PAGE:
Slate’s editor-in-chief Julia Turner believes that, even 20 years in, the company still occupies a unique space in digital news media. The news and culture publisher has had recent success with its two-year-old premium tier Slate Plus, through which Slate opted to keep its site free while giving members perks like ad-free podcasts, members-only stories and discounts to live events.
Like so many other serious publishers, Slate enjoyed something of traffic bump in the wake of the election. Turner has since realized that part of the value of its content is being able to share it with others: Creating more free content helps Slate’s ad-supported site, which it’s still committed to growing. Turner admits, for example, that their embrace of Twitter may not exactly be trendy any more, but it’s the platform that works best for them.
She joins Digiday’s editor-in-chief Brian Morrissey to talk about the focus and goals of the mid-scale publisher in the midst of changing digital and social media trends. Here are some highlights, lightly edited for clarity.
Trends come and go but your brand is forever.
“So much of thriving and surviving online is knowing which waves to surf and which waves not. You have to take the long view and assess whether [the new social media tools] actually fits with your audience, and how you connect with them, and what you’re trying to do for them. Or whether it is a fly-by-the-night thing, or something that could be great for another brand but not yours.”
Podcasting is great for forging direct connections — and advertising to them.
“Every publisher of smart content is shifting to loyalty at the moment. Podcast advertising is incredibly effective. It’s effective anecdotally, it’s effective in research. We started podcasting in 2005, and stuck with it. Slate offers companionate insight. And it’s insight delivered by people you come to know, and because you know them and their worldview and perspective on the news. What we could feel before we were even able to monetize this podcast was that the level of engagement in the users was intense and insane, and that they were engaging with us around this core thing that we strive to offer. It just felt aligned with our mission and with building a real audience.”
Publishers are doubling down on loyalty.
“Every publisher of smart content is shifting to loyalty at the moment. For a long time, we tracked people who came to the site 8 times and 25 times a month. We started tracking the numbers at the height of the Facebook boom. Like many publishers, I think an important way to think about audience now is as a funnel and not as a quest for eyeballs. That monthly comScore, UV number, is not your audience. Those are leads on people who could become your audience. So we look at total engaged time, podcast downloads, newsletter subscriptions and plus memberships. We also still look at home page visitors, which is very unfashionable but we have a really strong homepage.”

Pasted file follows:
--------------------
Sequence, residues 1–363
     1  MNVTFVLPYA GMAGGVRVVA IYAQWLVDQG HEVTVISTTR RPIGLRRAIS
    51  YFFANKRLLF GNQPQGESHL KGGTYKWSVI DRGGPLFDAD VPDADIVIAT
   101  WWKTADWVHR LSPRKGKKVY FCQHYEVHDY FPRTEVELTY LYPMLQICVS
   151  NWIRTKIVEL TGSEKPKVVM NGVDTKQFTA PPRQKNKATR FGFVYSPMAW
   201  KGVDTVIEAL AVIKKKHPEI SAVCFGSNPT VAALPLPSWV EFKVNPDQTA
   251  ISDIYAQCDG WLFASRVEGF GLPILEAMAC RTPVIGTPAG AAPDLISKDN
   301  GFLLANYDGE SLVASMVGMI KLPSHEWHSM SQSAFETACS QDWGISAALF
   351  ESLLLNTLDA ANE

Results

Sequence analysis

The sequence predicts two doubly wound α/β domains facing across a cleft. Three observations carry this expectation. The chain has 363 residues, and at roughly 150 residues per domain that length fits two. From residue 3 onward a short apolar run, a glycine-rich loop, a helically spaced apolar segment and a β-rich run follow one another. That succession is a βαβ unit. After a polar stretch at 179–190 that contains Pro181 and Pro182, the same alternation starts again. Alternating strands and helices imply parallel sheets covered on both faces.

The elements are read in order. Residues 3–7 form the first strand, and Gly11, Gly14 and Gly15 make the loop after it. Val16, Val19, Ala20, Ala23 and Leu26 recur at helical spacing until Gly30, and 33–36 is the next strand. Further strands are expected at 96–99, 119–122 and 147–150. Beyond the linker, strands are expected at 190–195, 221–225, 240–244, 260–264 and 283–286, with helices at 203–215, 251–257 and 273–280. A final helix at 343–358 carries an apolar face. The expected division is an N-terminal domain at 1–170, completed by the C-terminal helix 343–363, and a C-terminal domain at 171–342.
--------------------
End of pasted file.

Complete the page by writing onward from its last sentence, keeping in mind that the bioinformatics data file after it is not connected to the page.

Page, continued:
Let data be your guide — but don’t become its slave.
“I think it’s important rolling out any kind of data plan to a newsroom to emphasize that this is intended to help you make informed decisions. But I don’t think there should be quotas around particular performance. It’s important that my writers and editors not be competing against each other for total engagement, but that they be competing against their past performances.”
No one has cracked the video ad experience yet.
“Advertisers only advertise where things work. Video is incredibly tempting because that’s where so much of the spend is. People want to make video assets and put them around other video assets. But television ads themselves, that’s a broken model. Putting television ads in front of web video, that doesn’t strike me as a very effective model. It’s fundamentally an irritant.”
Twitter is Slate’s favorite platform.
“We put more emphasis on Twitter than a lot of other places. Twitter has become terminally uncool now, and generally has become more toxic. So many smart, influential, news-hungry people are there. So we overinvest in Twitter compared to other places and we find that it’s an incredible driver of loyalty. In some ways, Twitter for some core of our audience is like an RSS feed for Slate. It has become their Google reader. Even if its not the trendiest bet, it’s where we connect with our readers.”